According to Guy Phillipson, the chief executive of the Internet Advertising Bureau, 75% of the UK population will own a smartphone this year.
However, if you're anything like me, people’s use of mobile technology can sometimes be a cause for much annoyance and anxiety.
Technology in general should be used to improve experiences – not ruin them. For me, in particular, it’s certain uses of smartphones in pubs that really gets my back up.
The Great Debate
Now there are a number of petty things that wind me up about the use of phones in pubs (don't worry, I'll just finish my sentence AFTER you've responded to that text) but over the last couple of years, one stands out above the rest.
Picture the scene:
Two patrons are sat supping their chosen beverage in their local pub. They are good friends. You can tell this because there is a packet of crisps torn completely open in the middle of the table.
They are discussing a film. One of them very casually states that so and so played the love interest. The other disagrees and argues that is was actually whodyamacallit.
Now, in the good old days (2006), this would have resulted in a two hour debate containing lots of "No, you're thinking of..." and grossly exaggerated claims as to how many times each person has seen the film. It would eventually end in agreement, agreed disagreement or a pistol duel in the car park.
What happens now, however, is that after twenty seconds of frantic tapping on touch-screens, the victor of the inevitable Google Duel thrusts their device-wielding hand furiously towards the face of their opponent - until the vulgar, boast-filled screen is only 3.7 millimeters from the sad, dejected eyes of the defeated party.
At this point the conversation is over. They will both probably stay a bit longer but really they should call it a night and go home. One to snuggle up in a cocoon of smug self-satisfaction, the other to spend the night studying IMDB.
For some reason, pub landlords don't seem too receptive when I propose that these people be branded 'Conversation Murderers' and subsequently barred from the premises.
I feel wholeheartedly that, especially in such a sacred temple of relaxation like the pub, your mobile phone should stay firmly in your pocket/handbag/phone-holster-thing-that-were-popular-in-2001 during a conversation.
The only exceptions being if you're expecting the imminent birth of your child or an important call from a doctor.
Although if you're expecting an important call from your doctor, you may be better off ignoring it and having another drink.
My passion on the subject has not only given food for thought to the many people in my local pub, but it has also saved a lot of storage on my own phone by significantly reducing the number of texts I receive, inviting me to the pub.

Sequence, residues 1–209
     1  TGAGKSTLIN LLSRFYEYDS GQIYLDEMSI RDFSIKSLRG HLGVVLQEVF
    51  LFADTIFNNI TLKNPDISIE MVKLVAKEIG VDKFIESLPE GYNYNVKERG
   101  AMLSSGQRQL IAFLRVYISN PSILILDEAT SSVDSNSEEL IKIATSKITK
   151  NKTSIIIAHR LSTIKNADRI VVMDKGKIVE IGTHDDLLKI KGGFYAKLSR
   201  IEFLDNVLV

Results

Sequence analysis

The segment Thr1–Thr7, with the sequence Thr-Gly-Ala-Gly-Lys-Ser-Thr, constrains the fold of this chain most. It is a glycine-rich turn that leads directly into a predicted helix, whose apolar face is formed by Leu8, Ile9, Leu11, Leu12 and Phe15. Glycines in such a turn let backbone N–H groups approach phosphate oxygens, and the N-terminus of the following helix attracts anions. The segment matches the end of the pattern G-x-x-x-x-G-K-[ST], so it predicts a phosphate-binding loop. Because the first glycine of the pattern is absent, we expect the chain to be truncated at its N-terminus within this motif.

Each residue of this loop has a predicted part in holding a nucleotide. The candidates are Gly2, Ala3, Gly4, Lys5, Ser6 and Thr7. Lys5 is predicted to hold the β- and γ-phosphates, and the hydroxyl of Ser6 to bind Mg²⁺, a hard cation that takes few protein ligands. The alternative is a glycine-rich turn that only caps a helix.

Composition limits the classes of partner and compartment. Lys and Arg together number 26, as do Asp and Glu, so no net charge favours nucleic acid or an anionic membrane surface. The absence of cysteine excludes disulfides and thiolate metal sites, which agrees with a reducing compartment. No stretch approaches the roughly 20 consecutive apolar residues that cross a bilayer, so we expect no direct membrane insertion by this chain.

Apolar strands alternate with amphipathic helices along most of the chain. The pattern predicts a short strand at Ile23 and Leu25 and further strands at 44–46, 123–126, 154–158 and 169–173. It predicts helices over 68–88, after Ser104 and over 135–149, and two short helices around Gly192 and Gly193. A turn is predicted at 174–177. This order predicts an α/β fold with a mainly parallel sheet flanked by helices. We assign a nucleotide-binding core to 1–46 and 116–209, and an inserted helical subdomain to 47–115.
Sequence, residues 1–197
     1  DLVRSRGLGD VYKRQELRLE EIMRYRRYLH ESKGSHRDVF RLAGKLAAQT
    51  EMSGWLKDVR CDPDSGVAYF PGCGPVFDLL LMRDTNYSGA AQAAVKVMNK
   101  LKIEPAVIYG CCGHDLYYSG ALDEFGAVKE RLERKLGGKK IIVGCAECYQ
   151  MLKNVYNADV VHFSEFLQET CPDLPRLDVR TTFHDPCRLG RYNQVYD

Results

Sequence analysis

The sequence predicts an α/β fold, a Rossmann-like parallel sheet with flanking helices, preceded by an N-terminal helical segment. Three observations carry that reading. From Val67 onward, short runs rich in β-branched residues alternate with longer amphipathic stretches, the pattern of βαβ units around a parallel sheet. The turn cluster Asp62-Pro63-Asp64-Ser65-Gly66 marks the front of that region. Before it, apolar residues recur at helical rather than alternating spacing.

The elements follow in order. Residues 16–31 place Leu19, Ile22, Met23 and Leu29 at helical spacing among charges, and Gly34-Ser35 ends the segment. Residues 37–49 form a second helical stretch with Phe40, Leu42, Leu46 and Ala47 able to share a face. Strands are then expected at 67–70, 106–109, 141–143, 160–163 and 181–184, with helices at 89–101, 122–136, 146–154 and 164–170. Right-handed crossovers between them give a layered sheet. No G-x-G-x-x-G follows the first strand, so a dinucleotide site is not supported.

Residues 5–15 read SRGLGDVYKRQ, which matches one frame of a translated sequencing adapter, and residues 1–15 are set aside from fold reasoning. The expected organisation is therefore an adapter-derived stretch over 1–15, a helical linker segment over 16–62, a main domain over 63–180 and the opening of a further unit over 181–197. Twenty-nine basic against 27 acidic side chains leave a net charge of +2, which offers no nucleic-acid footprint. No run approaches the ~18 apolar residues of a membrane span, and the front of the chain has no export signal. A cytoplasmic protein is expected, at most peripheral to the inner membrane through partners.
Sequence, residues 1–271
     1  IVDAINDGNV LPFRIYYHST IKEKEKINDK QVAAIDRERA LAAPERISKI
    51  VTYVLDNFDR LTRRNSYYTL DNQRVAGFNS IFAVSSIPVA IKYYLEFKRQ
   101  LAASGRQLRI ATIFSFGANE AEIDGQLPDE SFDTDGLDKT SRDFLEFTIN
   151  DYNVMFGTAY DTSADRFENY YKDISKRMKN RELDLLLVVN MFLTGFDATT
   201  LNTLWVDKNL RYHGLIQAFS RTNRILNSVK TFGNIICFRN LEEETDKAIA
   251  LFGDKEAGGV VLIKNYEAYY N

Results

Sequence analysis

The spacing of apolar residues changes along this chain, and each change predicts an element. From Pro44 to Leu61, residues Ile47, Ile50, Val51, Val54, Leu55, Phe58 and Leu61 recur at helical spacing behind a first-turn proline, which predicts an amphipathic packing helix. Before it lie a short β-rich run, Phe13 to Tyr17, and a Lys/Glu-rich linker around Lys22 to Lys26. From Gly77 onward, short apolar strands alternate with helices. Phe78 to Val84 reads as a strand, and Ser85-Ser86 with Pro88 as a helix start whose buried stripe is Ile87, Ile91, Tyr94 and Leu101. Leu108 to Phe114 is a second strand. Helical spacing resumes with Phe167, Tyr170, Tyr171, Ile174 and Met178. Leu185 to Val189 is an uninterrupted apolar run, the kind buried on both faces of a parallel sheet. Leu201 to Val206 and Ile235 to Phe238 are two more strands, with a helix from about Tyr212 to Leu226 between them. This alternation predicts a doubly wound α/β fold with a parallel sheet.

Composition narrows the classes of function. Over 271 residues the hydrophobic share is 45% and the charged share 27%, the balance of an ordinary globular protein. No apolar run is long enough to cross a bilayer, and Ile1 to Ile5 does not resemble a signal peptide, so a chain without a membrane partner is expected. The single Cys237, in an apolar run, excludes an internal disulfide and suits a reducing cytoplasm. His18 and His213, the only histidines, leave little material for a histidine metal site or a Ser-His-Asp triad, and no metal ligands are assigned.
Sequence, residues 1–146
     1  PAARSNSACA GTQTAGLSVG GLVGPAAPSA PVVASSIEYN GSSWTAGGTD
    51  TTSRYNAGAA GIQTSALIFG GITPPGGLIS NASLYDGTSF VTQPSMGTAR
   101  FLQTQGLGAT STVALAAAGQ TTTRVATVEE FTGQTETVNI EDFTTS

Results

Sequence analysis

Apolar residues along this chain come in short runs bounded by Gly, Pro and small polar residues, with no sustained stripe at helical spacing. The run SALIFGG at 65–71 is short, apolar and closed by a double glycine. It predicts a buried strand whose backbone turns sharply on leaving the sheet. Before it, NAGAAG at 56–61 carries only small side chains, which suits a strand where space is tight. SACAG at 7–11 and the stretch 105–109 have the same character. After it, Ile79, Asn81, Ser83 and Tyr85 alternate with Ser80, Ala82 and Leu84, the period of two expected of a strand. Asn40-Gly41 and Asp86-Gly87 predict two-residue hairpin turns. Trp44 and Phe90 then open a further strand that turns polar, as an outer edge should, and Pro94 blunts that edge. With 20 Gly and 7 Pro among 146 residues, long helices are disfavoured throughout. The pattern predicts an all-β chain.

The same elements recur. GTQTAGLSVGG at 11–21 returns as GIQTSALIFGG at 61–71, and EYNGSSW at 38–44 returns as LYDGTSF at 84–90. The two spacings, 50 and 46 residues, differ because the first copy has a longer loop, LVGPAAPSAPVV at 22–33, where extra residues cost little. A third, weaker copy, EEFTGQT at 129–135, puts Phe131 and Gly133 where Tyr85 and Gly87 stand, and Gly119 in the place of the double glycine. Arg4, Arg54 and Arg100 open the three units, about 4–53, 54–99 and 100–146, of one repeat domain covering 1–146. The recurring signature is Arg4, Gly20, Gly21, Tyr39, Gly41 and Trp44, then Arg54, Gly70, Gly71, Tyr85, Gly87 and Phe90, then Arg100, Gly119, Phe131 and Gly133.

The problem is that this is just my subjective view of what 'good etiquette' is.
In an age where more information than we could possibly consume is available at our fingertips, why shouldn't a disagreement be settled using the brilliant devices we all carry? My opinion is only driven by a romantic notion of how a pub 'should be'.
Coming soon to your smartphone?
I went to an Ice Hockey match recently and while queuing at the bar, I was handed a card about an app called Bar Pass.
From this app you can order and pay for your drink then simply collect the drink from a collection point.
In some participating establishments, you can even order your drink from your phone and they'll bring it over to your table.
This is a brilliant idea. If you've ever queued at the bar at a football match, or a concert, or any high attendance event, you will understand how much easier this app would make the process.
At these events, usually the good old fashioned British queue system is replaced with a disorderly melee of parched attendees.
You are forced to stand with your nose pressed against the back of somebody else's head, being pushed and kneed in the back. All whilst you’re being over-looked for service because the bloke behind you is frantically waving his cash in the air barking his order at one of the two stressed members of staff.
Wouldn't it be easier if everyone had placed their order before the intermission or half-time and had to simply walk to the collection point, scan a BR code and walk away with their drinks? All within the space of 30 seconds?
Despite how brilliant I think this is, I wouldn't like it in my local pub. But why not?
Wouldn't it be easier if you could order a pint from your phone and have it brought to your table, put some tunes on the jukebox without having to push your way across the crowded room, or even place a virtual fifty pence on the pool table without having to run the gauntlet of running past the dartboard without sustaining an unwanted piercing?
With an estimated 18 pubs closing each week in Britain, could this sort of technology actually be the way forward?
I see this as the way technology should be used – to improve experiences and not cause the collapse of polite society as we know it.
Please tell us what you think about the use of smartphones in pubs in the comment section below.